Virginia Governor Glenn Youngkin (R) slammed Fairfax County Public Schools for spending $450,000 on an equity coach and withholding national merit recognitions from students, WJLA-TV reported Sunday.
What’s the background?
Last month, Thomas Jefferson High School for Science and Technology, the highest-ranked high school in the nation, was accused of intentionally withholding notification of students’ academic awards in the name of “equity.”
Since then, a total of seven high schools in Fairfax County have admitted to failing to provide students with notification of the awards in time for college scholarship and admissions deadlines, WJLA reported.
The seven schools account for 25% of the high schools in the county.
According to Fairfax County Public Schools, the error impacted children who received commended student awards from the National Merit Scholarship Corporation. In an effort to correct the mistake, the district emailed and called colleges where the students had applied to inform them of the error.
Last week, Attorney General Jason Miyares launched an investigation into the district.
Youngkin told WJLA that the district’s decision to withhold the award announcements cost children scholarship opportunities.
“It impacts their ability to apply to college for scholarships, and in this idea of a golden ticket, as it is called, was withheld from them, and it seems to have been withheld from them for the purpose of not wanting to make people feel bad who didn’t achieve it. And all of a sudden, we see it spreading around to the rest of Fairfax County,” Youngkin stated.
Youngkin torched the district’s superintendent, Dr. Michelle Reid, for spending taxpayer funds on equity consultants.
“The reality is that we have a superintendent in Fairfax schools who has explicitly stated that her top objective is equal outcomes for all students, regardless of the price,” Youngkin said.
“Now we know the price includes paying $450,000 to a liberal consultant to come in and teach the administrators in Fairfax County how to do this,” he added. “What it appears happened is that principals in schools decided that they were going to systematically withhold accolades and a path to college admission and scholarships from high-performing students.”
Reid stated that she personally met with parents to listen to their concerns and assured the community that the district was continuing its own internal investigation.
“How you pay for college can be as stressful as getting into college,” AG Miyares told WJLA. “The idea that sometimes these are $90,000-$100,000 plus benefits of scholarships that were never going to be told that these students are eligible to apply for. That’s wrong.”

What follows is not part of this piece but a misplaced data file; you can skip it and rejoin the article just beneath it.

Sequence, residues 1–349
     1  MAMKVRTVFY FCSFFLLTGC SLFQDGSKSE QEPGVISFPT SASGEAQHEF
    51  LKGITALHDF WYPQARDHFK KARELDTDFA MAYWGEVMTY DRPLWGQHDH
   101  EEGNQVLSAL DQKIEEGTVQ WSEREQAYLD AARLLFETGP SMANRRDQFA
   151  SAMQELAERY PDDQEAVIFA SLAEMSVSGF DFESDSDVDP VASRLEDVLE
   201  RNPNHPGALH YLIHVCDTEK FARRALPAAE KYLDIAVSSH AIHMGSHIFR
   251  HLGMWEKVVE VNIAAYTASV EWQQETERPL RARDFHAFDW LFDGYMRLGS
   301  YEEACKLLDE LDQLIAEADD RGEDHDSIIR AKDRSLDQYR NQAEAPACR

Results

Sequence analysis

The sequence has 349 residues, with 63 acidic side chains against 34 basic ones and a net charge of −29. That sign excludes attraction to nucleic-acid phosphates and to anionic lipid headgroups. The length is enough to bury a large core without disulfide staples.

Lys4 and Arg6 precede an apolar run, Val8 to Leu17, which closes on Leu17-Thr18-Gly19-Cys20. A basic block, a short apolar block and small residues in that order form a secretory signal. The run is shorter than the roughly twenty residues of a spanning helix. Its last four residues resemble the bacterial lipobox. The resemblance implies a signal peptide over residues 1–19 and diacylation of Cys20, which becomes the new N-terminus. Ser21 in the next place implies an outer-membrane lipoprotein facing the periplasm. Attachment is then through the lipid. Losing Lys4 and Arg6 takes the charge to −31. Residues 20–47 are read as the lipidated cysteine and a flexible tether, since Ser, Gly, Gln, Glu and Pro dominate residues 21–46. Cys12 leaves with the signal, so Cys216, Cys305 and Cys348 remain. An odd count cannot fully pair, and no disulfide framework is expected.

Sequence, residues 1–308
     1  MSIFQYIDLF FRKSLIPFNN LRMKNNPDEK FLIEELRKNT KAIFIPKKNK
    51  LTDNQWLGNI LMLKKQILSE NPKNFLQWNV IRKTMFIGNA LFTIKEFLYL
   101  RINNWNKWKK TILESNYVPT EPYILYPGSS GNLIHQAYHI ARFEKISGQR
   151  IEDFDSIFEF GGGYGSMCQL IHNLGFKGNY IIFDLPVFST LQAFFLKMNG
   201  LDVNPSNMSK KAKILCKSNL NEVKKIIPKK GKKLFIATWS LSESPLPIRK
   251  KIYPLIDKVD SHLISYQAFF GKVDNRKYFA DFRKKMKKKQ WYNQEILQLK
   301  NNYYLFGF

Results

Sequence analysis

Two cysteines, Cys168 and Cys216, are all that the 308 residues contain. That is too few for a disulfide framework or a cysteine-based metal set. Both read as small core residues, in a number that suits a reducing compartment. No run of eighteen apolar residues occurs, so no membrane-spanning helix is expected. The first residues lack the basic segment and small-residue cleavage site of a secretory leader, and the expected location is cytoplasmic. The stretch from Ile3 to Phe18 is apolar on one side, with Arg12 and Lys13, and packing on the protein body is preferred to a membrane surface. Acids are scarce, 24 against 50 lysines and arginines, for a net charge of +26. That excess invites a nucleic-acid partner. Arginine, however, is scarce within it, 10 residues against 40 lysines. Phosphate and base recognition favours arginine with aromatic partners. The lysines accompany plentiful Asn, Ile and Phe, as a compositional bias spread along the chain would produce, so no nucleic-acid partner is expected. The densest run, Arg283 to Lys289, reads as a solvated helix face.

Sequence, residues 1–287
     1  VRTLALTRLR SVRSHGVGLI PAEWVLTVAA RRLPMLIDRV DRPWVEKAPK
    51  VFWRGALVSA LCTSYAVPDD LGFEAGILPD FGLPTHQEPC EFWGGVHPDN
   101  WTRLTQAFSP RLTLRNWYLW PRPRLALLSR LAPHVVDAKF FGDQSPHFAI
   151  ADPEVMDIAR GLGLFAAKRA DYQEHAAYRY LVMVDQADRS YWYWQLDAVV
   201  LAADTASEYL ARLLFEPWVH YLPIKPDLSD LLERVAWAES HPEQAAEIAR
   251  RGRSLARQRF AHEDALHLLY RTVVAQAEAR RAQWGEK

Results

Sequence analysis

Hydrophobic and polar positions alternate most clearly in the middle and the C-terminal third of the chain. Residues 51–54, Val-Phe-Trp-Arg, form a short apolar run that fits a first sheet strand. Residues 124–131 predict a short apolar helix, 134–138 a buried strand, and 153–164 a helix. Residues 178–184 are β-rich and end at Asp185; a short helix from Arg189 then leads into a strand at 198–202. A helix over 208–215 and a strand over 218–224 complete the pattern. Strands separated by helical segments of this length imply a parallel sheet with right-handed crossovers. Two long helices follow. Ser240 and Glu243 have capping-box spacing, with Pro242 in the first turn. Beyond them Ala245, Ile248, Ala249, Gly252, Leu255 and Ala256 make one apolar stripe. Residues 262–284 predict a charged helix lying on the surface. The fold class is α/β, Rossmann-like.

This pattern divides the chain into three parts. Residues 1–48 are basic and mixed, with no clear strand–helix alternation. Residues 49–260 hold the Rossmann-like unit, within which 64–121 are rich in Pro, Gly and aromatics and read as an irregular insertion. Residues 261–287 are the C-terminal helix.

According to Youngkin, the district has “a maniacal focus on equal outcomes for all students at all costs.”
“And at the heart of the American dream is excelling, is advancing, is stretching and recognizing that we have students that have different capabilities,” Youngkin said. “Some students have the ability to perform at one level, others need more help, and we have to allow students to run as fast as they can to dream the biggest dreams they can possibly dream and then go get them.”
Youngkin stated that improving Virginia’s education system is one of his top priorities.
“This overarching effort for equal outcomes is hurting Virginia’s children and it’s hurting, even worse, the children that they aspire to help — children in the black community and children in the Hispanic community and children who are in the socio-economically challenged community and Virginia’s kids with disabilities,” Youngkin explained. “They have in fact suffered even more.”
Virginia Democrats have pushed back against the AG’s probe into the district, including Senator Scott Surovell (D), who called it a “fake investigation.”
House Minority Leader Don Scott (D) accused the AG of fueling a “fake controversy that in no way impact educational outcomes in schools.”
Youngkin fired back at the Democrats’ criticisms.
“That’s the exact same thing they said last year when we called for an investigation in Loudoun County around the sexual assault of young women and what appeared to be the cover-up of that, and after a grand jury found that in fact, it had been a cover-up,” Youngkin said. “And then officials were indicted and subsequently fired. The reality of where we stand in the light of truth, versus political posturing, comes full circle. And here we are again.”
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